Sunday, July 30, 2017

Art Elements component of the Month blog hop

What do YOU think of when you see/hear the word beetle? Do you think eyeeuuuwwwww, "nasty bug" or "stinky bug" or (God forbid )" a cockroach"? Or do you think of "The Mummy" series of movies where the beetles are swarming all over the bad guys.  yuck!

Now what comes to mind when you see/hear the word "Scarab" ? All things Egyptian?, King Tut?, Nefertiti? Amun -the sun god? Golden icons? Royalty, mystery, other-worldly? Talismans?

Well friends that's what I prefer to think about when I contemplate the difference 
between beetles and scarabs.
As Shakespeare said -"whats in a name ?" A lot , apparently.

Enter the scene - one beautiful , raku colour, glazed ceramic Scarab bead, created by the very talented Sue Kennedy of SueBeads. I was fortunate enough to be gifted with one of these lovelies as part of the monthly challenge with the proviso that I make piece of jewellery and blog about it.

**WARNING** this a really long, wordy post, so feel free to just scroll through the photos, if you're pressed for time.

Unfortunately I forgot to take a photo of the bead I received till after I had added a wire bail. So here is the photo from the blog post where Sue offered up one of her beads to the lucky guest blogger(s)  There are three of us. (see the list below) Mine is one of the dark blue ones 

Here it is ready to be linked into my necklace, connector loop on one end, e-bead on the other. 
Now when faced with a challenge such as this, one hopes to do the gift justice. 
To make it the FOCUS of the final piece. 

What if I mess up? 
What if no one likes it? 
What if my muse deserts me midstream?
The AGONY of it all. (can you tell I was a theatre brat in high school?)
Fortunately I had time to mull things over and do a bit of sketching before I started....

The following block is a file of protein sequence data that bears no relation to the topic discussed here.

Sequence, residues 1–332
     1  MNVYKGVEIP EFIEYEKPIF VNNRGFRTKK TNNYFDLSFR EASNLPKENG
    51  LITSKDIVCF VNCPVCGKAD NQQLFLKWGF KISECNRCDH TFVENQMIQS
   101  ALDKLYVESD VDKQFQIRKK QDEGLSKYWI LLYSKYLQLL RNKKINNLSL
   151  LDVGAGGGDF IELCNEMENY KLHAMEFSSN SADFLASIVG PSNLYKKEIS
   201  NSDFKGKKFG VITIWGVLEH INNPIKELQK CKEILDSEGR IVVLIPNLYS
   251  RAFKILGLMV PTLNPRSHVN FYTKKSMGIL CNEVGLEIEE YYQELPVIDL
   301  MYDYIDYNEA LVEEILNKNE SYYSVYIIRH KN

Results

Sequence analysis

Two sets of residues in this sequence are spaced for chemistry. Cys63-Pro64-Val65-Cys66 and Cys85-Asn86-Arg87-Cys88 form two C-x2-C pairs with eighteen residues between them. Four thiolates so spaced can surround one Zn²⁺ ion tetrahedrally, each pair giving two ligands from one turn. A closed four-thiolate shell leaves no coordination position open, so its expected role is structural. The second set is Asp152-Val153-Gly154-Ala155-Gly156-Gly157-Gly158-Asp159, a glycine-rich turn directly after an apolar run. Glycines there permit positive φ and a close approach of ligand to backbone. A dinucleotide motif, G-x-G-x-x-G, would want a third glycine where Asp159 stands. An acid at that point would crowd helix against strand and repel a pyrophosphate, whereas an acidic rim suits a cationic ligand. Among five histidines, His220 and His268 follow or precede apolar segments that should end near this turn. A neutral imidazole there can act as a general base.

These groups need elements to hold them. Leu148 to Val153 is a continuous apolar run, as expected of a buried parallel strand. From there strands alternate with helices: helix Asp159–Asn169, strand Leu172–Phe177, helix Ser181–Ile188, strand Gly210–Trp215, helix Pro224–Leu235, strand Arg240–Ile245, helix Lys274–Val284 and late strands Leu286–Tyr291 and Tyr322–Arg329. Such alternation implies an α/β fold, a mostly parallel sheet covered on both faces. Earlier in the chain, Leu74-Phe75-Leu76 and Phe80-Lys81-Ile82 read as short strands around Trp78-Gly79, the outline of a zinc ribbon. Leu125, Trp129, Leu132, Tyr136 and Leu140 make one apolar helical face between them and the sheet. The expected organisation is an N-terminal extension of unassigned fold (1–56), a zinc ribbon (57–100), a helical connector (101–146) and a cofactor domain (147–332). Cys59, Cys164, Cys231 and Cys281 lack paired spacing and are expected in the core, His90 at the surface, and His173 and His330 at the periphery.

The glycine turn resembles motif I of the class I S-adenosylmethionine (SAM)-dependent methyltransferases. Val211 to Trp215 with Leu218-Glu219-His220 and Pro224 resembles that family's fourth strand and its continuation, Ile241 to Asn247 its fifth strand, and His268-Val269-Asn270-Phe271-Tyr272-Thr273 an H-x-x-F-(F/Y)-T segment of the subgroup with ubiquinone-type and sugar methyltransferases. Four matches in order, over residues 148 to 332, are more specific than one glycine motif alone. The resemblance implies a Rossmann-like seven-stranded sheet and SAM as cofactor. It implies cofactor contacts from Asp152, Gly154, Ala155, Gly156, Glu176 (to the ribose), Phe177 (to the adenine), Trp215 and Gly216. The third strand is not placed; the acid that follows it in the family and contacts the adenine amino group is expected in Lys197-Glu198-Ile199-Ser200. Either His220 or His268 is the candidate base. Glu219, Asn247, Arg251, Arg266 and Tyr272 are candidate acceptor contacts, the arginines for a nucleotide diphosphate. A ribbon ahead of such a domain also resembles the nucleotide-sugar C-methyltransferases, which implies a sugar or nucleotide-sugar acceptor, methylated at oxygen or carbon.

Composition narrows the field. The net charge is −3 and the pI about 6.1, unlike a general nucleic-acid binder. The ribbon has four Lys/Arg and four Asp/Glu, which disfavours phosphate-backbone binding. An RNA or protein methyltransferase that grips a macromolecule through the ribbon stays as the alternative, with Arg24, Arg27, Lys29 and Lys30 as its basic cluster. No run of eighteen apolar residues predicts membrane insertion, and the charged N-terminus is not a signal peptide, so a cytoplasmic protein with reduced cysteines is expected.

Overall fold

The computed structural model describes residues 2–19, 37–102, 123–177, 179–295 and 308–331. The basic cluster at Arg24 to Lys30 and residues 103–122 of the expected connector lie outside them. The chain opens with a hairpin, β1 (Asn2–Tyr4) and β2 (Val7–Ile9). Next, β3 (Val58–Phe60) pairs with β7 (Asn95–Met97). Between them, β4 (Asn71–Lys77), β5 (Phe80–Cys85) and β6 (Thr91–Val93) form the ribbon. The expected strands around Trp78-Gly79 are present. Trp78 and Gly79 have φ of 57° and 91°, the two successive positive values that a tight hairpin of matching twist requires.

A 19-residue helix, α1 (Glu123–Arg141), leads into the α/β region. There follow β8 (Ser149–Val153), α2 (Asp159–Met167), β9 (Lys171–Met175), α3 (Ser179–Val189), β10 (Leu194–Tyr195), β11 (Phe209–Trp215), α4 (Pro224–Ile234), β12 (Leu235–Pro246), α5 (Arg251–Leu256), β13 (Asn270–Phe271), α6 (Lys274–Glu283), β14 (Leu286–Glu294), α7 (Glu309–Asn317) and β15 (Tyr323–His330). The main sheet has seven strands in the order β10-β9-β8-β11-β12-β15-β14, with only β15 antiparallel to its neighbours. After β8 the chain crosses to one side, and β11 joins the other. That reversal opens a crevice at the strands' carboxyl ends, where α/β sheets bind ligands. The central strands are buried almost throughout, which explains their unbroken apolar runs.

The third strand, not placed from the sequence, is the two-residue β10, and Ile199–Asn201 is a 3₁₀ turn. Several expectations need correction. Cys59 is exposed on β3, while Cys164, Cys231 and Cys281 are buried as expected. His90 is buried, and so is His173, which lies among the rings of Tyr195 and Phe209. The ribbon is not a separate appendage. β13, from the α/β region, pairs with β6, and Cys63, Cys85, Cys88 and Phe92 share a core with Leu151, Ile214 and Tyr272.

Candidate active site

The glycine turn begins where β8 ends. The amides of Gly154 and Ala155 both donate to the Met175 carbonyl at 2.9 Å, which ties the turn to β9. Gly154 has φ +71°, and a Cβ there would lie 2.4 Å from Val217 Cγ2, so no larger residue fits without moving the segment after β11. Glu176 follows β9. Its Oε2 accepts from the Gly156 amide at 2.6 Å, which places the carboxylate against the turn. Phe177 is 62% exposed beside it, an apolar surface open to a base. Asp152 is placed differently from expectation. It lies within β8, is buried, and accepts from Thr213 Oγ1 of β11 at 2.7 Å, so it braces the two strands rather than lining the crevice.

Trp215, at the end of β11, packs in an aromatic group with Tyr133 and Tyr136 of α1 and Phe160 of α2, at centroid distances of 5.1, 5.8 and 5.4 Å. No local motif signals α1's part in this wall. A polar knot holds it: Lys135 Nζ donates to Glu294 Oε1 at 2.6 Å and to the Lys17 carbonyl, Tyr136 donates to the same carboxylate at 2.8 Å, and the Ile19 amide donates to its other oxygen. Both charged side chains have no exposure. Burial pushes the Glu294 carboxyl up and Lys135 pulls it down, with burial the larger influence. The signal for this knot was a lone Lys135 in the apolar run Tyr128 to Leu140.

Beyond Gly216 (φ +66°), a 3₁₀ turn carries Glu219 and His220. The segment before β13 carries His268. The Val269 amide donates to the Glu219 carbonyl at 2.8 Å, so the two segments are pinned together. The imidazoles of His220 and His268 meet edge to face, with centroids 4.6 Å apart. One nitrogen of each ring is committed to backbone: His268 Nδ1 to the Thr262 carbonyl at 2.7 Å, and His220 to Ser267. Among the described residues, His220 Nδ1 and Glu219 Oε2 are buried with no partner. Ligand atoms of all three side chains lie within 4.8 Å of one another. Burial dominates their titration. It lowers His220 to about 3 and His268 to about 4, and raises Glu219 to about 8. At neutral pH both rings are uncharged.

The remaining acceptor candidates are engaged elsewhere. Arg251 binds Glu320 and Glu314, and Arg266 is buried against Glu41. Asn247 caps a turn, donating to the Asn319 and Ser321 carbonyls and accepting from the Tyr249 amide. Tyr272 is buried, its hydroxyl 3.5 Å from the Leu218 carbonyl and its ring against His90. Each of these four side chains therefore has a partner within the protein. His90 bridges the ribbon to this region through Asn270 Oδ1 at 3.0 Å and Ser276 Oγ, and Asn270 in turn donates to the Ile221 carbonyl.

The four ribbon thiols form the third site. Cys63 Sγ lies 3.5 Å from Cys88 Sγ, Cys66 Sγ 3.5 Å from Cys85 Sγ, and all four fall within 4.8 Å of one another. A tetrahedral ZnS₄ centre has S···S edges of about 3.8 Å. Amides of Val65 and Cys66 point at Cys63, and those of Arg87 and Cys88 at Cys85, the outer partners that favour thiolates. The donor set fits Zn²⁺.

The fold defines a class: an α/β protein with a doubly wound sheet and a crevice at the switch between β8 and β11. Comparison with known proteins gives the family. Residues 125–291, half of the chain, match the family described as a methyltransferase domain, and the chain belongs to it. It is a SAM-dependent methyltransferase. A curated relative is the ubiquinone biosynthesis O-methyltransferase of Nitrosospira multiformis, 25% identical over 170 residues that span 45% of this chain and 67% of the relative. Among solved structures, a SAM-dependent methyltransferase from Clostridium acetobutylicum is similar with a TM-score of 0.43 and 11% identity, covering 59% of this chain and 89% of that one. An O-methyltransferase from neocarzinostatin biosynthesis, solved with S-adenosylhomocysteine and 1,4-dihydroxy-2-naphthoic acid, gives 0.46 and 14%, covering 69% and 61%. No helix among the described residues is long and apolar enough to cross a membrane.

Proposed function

I happen to be a lover of all things Egyptian. Have been since I saw the King Tutankhamen exhibit at the Ontario Museum of Art in Toronto Ontario many many years ago. ( so many I truly don't remember what year that was.) I love the Art Deco period for it's rich symbolism, clean-lined designs and it's connection to the discovery of the tomb of King Tut.

I made a piece with polymer clay a few years back when I worked at a bead store,  just messing around with a new- to me -product and made this incredibly boring tan/beige pendant thing. 
(Trying to make some sort of Art Deco palm leaf or lotus leaf. )

Yet again I forgot to take a picture of it before I added colour to it. 
It really was too ugly to take a photo of , that's my excuse. 
It's amazing how paint can transform ugly to pretty. imo.

this is upside down I think I was hoping to make a lotus leaf. two holes for attaching to something.
In case you wonder what goes through a designers mind or the process we use, here is a shot of my work table / bead tray with a selection of potential partners for my scarab bead. Lots of shiny bits to choose from. 

I wasn't certain how I would attach the two main elements of my design together,
 but wire wrapping usually works for me 
gunmetal coloured wire , one of my favourites